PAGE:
Why do Catalonian nativity scenes feature a man pooping?

Some places have downright odd traditions and rituals.

As I wandered through some outdoor Christmas fairs in Barcelona, Spain, last weekend, I found many stalls specializing in crèches and figures for nativity scenes.

Fira de Nadal at the Barcelona Cathedral
This stall at the Christmas fair (fira de nadal) in front of the Barcelona Cathedral sells crèches. (Photo by Sheryl Jean)

One figurine caught my eye because it seemed so bizarre: El Caganer. In polite translation, it means “the defecator” or one who poops.

He usually wears the traditional Catalonian red cap, a white peasant shirt and squats with his pants pulled down and a pile of excrement on the ground behind him. (See featured photo at top.)

El Caganer can be found in Christmas nativity scenes, but not in the manger. He’s usually tucked away somewhere, presenting his gift to baby Jesus, so to say.

Yes, the Catalonians are somewhat obsessed with crap. They’re not the only ones.

Scatalogical humor is part of our modern global culture, whether you like it or not. Over the last few years, it’s received a bit of a boost with the insane popularity of the poop emoji. Although the poop emoji appeared in 2010, it didn’t become one of the most popular iPhone emojis until 2016. Now, it can be found on earrings, hats, cupcakes, balloons and more.

poop emoji
The iPhone poop emoji (Apple)

The origins of El Caganer go much farther back than that of the poop emoji. In his book Barcelona, author Robert Hughes, traced the caganer as a folk-art character to the 16th century. The story goes that he became popular as a nativity figure in the 19th century.

The caganer also has appeared in more modern art, including by Catalonia’s own Joan Miró. He painted a baby squatting near his mother washing clothes at a cistern in “The Farm” in 1921 and the surrealist “Man and Woman in Front of a Pile of Excrement” in 1935.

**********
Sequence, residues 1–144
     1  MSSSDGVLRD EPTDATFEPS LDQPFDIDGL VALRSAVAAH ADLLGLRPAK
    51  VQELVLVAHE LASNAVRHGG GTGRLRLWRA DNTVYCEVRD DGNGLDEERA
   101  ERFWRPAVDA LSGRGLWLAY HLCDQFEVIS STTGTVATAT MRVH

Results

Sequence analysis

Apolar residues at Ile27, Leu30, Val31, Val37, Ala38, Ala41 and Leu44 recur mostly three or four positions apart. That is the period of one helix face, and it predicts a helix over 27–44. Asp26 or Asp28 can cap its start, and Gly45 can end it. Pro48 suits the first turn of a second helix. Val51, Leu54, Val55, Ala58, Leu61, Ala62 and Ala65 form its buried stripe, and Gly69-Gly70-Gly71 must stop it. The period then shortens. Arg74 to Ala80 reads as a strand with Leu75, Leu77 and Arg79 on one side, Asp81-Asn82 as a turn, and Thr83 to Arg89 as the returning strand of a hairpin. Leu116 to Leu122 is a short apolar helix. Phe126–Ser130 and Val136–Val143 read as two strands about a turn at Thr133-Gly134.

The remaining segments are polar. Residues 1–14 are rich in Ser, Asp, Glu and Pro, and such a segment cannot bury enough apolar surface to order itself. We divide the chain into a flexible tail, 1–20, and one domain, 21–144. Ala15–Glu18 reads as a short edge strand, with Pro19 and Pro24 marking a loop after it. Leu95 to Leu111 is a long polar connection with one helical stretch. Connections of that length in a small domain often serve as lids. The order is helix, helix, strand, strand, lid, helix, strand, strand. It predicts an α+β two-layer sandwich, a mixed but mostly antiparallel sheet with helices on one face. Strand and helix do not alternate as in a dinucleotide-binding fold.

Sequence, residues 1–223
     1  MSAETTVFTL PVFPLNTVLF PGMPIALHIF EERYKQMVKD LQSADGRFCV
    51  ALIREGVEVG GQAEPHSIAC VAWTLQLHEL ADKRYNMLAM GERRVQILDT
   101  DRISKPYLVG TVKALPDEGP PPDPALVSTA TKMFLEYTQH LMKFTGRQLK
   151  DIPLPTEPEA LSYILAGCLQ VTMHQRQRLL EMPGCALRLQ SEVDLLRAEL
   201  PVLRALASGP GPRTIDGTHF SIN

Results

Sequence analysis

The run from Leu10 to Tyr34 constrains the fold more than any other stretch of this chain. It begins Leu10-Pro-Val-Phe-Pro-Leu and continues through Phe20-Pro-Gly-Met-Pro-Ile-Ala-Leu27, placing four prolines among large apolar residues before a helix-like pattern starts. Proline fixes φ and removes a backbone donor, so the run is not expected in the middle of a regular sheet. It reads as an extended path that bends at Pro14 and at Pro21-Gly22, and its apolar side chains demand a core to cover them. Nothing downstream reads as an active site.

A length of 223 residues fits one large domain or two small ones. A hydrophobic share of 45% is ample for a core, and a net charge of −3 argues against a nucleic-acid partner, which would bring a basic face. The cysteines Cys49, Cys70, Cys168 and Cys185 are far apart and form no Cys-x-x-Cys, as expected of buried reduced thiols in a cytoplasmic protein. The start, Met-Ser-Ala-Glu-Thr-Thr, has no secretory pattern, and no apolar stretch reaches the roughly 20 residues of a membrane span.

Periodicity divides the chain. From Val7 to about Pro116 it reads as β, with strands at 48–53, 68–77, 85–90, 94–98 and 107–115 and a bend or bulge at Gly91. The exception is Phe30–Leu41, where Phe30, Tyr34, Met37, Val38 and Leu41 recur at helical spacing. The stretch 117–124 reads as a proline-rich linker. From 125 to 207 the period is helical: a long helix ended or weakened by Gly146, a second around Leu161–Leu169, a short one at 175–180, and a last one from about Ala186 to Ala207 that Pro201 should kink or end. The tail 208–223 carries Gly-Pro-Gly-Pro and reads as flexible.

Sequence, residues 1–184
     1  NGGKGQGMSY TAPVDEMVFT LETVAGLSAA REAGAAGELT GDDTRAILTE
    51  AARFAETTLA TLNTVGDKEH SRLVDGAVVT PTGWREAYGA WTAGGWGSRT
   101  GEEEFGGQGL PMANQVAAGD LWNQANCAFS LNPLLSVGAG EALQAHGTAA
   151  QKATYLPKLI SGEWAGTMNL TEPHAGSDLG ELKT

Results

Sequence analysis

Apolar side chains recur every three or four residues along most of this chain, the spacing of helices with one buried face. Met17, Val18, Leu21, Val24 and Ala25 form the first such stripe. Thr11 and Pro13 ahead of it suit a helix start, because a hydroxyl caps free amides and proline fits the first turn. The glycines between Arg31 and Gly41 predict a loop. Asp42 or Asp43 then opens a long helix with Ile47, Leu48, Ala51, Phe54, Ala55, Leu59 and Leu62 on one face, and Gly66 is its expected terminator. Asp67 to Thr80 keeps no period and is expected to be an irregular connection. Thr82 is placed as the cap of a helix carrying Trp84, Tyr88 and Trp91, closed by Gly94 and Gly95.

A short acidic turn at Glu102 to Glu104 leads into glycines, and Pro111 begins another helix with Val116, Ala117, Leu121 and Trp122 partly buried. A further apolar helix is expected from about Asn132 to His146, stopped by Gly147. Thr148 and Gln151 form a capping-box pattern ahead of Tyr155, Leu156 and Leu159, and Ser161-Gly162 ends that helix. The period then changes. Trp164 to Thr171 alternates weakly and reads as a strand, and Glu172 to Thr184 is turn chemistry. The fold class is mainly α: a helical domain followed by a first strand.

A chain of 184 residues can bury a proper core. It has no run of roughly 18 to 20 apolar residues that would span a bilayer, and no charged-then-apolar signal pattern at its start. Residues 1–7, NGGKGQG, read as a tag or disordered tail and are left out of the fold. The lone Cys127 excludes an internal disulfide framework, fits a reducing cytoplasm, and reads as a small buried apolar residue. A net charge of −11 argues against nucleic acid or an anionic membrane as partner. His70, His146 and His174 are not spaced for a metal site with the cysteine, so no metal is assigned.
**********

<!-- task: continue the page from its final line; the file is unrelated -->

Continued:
The Farm by Joan Miró
Catalonian native son, artist Joan Miró, painted a baby (a caganer) squatting near his mother washing clothes at a cistern in “The Farm” in 1921. (Wikiart)

At the Christmas fair (fira de nadal) in front of the Barcelona Cathedral and the one in front of the Sagrada Familia, I saw rows of traditional caganers for sale. (These stalls sell many other figurines to basically create an entire village, complete with miniature animals, pots, jamón and looms.)

At tourist tchotchke shops, I also saw caganer figures in slightly larger versions on celebrities like Elvis to politicians like Russian President Vladimir Putin and even FC Barcelona soccer stars. (See photo at end.)

Why? I’m not exactly sure where this affinity for poop comes from, but it’s real.

Catalonians have “an abiding taste” for scatological humor and place the value a “good crap” on level with that of a “good meal,”Hughes writes. An old Catalonian folk saying goes “Menjar be, cagar fort, I no tingues por de la mort”or “Eat well, shit strongly, and you will have no fear of death.”

Cagier figurines
Many tourist tchotchke shops in Barcelona sell caganers modeled after celebrities, politicians, soccer stars and others. (Wikimedia Commons)

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